Domestic Violence Awareness Month was created after the National Coalition Against Domestic Violence began a “Day of Unity” in October 1981 to connect advocates that were working across the nation to end violence against women and children. Domestic Violence Awareness Month focuses on three main themes: mourning those who have died because of domestic violence, celebrating those who have survived, and connecting those who work to end violence.

What is Domestic Violence (DV)? DV is categorized as a pattern of abusive behavior by an intimate partner that includes physical, sexual, psychological and economic abuse or coercion. Typically, this abuse is perpetrated to gain or maintain power and control over the relationship and significant others can use tactics such as manipulation, blame, hurt or can even result in killing a current or past intimate partner.

Who does is effect? DV can impact individuals within all different communities regardless of race, age, sexual orientation, economic status, gender, religion or nationality. Abusive relationships differ and can present in varying ways. However, the one commonality is the abusers desire to gain or maintain control. The National Coalition Against Domestic Violence indicates that “one in four women and one in nine men experience severe intimate partner physical violence, intimate partner contact sexual violence and intimate partner stalking with impacts such as injury, fearfulness, and post-traumatic stress disorder” (NCADV: National Coalition Against Domestic Violence, n.d.).

Abusive relationships are considered cyclical and include a period of calmness that leads to tension and abuse and can result in intensified abuse. It is important to note that all abusive relationships are different and can follow a different cycle. There is no “typical” abuser and warning signs can be hard to detect. However, many abusers do share similar characteristics and traits that can be red flags.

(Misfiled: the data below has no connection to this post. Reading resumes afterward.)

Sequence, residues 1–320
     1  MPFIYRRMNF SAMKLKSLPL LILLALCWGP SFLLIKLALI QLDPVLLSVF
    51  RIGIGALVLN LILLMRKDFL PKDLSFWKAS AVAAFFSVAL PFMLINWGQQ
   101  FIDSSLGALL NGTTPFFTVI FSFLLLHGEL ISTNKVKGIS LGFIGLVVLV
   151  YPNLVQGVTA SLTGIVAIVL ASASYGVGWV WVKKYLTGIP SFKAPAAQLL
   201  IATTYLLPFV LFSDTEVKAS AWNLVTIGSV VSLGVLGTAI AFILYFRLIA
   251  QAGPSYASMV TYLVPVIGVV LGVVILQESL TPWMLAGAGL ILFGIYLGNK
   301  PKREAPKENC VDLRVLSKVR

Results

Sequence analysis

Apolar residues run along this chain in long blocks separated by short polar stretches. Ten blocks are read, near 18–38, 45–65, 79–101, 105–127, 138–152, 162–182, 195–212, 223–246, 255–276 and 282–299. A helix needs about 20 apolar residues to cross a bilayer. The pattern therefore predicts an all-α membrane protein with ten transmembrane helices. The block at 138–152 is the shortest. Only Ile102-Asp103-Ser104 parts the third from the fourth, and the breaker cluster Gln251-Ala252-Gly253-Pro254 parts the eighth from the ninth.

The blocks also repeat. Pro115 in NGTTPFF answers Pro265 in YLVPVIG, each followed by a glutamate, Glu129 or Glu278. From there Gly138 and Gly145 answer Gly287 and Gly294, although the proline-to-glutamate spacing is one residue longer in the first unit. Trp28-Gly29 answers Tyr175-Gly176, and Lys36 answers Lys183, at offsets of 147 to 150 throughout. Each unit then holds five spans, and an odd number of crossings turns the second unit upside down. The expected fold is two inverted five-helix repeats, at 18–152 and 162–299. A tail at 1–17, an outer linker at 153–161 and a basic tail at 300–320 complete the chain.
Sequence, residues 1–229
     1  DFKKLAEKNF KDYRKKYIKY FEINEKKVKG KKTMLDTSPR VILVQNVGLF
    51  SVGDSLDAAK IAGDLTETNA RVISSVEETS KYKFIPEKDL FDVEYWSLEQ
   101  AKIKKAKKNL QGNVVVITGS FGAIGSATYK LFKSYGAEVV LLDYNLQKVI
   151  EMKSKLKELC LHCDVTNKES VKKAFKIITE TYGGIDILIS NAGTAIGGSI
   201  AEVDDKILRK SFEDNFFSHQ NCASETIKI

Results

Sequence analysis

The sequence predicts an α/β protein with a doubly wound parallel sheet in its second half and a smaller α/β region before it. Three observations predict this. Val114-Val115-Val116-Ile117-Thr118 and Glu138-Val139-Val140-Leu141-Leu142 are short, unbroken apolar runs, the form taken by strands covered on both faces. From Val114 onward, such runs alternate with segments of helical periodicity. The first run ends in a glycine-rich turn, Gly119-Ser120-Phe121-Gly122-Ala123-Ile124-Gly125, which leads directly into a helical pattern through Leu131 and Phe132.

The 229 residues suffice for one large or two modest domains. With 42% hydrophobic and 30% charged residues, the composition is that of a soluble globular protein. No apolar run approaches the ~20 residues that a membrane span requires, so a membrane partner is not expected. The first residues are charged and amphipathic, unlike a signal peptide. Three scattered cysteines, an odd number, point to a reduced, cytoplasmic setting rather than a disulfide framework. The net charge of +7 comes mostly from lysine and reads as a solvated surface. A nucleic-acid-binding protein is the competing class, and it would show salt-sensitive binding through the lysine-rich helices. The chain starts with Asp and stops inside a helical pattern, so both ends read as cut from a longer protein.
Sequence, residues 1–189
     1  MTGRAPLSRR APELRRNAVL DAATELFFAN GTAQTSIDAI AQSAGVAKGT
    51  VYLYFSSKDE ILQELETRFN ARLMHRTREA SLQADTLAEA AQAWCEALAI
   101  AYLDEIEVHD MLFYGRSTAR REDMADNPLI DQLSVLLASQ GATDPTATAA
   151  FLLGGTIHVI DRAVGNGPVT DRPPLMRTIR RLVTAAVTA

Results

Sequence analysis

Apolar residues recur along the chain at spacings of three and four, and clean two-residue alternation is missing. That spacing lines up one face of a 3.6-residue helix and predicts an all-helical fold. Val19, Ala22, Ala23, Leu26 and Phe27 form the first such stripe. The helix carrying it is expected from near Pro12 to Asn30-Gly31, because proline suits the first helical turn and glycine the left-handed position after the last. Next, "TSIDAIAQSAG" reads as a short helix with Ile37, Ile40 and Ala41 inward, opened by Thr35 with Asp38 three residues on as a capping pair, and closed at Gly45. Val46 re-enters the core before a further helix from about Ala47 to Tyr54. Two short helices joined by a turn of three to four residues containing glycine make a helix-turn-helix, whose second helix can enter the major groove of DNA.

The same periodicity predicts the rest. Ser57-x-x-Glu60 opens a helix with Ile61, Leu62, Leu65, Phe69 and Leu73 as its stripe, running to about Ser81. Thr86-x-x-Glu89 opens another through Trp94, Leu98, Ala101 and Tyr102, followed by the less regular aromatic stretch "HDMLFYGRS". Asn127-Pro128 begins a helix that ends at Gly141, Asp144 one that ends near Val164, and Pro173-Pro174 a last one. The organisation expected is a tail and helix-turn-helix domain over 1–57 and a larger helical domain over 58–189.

Warning Signs:

  • Jealousy
  • Controlling behavior
  • Verbal abuse
  • Bad temper
  • Demeaning the victim
  • The use of embarrassment or humiliation in front of others
  • Possessiveness
  • Forced sex
  • Objectifying the victim as property

It can be hard for victims to escape their abusers and can at times be life threatening. Victims may stay in their relationship out of fear of physical threats, lack of support and means to leave, or even societal barriers. For anonymous and confidential help, the National Domestic Violence Hotline can be reached at 1-800-799-7233 (SAFE) or 1-800-787-3224.

The following are some online and local resources for those experiencing and/or witnessing domestic violence:

NCADV: National Coalition Against Domestic Violence. (0AD). Retrieved from


By: Kelsey Russell BSW, MHC Intern